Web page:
Adobe Premiere Pro for macOS makes some video exports 10-times faster

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Adobe has updated Premiere Pro to version 22.4, with the latest video editor changes enabling 10-times faster exports of 10-bit 4:2:0 HEVC video on many Macs and MacBooks via hardware encoding.

Introduced as part of the May update to the video production tool, the biggest change of the update is a speeding up of exports when using high-quality footage. For both Intel and Apple Silicon Macs, users can now encode at a far faster rate.

Anyone using 10-bit 4:2:0 HEVC footage will be able to benefit from the change, which can reduce the render time down to a tenth of the usual value. In tests with the previous version on an M1 13-inch MacBook Pro with 16GB of memory, a complex UHD video that previously took 6 minutes and 43 seconds seconds to complete instead takes just 55 seconds.

To enable the change, users must select HEVC from the Format dropdown in Export Settings. Under the Video tab, Encoding Settings will display "Hardware Encoding" under Performance if it is available. At that point, users must set the profile level to Main 10.

Despite the improvement, users can also force software encoding to be used, disabling hardware encoding entirely.

The hardware acceleration option in Adobe Premiere Pro for macOS

To benefit from the faster encodes, users must be running macOS Big Sur or later on their Macs.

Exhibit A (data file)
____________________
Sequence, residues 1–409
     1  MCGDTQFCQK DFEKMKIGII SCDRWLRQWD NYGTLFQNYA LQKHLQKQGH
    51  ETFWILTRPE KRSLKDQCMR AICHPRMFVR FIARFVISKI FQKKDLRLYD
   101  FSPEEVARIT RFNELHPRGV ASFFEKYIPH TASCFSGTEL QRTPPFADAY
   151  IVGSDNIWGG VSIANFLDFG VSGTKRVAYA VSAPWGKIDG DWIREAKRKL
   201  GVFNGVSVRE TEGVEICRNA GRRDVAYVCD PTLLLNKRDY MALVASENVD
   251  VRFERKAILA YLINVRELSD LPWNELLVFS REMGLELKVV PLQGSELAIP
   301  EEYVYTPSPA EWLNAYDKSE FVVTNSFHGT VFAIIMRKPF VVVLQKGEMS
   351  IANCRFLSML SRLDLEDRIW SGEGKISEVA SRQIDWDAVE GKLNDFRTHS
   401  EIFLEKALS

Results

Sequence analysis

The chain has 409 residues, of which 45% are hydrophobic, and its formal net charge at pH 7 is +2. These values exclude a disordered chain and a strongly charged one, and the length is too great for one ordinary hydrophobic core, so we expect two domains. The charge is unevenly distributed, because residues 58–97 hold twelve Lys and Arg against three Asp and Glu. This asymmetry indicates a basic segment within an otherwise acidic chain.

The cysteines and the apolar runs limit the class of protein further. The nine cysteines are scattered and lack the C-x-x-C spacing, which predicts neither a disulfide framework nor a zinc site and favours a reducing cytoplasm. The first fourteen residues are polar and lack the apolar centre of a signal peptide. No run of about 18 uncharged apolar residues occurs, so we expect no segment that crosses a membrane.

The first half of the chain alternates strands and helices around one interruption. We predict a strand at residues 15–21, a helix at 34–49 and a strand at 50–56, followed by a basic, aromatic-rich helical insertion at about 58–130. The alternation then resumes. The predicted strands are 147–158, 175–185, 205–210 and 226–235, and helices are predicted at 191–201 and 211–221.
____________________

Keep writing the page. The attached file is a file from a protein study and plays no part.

However, not all Apple Silicon Macs will benefit from the change. Adobe warns those using the core M1 processor that lacks the Media Engine will still encode HEVC HLG 4:2:0 10-bit content via software.

As such, the update appears to be enabling support for the Media Engines included in the M1 Pro, Max, and Ultra, an element the original M1 chip didn't possess.

The hardware encoding isn't just limited to the Mac. Windows users that have an AMD-produced GPU also benefit from similar high-speed exports.

Along with the encode speed improvements, Mac users also benefit from improved QuickTime screen recording playback, with smoother playback and scrubbing of screen recordings. Smart rendering, where exports are sped up by using matching codecs and sequence previews, have been improved with greater reliability and even faster speeds.

The update also introduces HDR proxies, providing smaller-resolution copies of footage using the correct color space for faster editing. Objects in titles and graphics can be distributed via the Program Monitor. Lastly, animated GIF exports now support transparency.

The update will roll out to all Creative Cloud users who have Premiere Pro included in their subscription, available via the management app.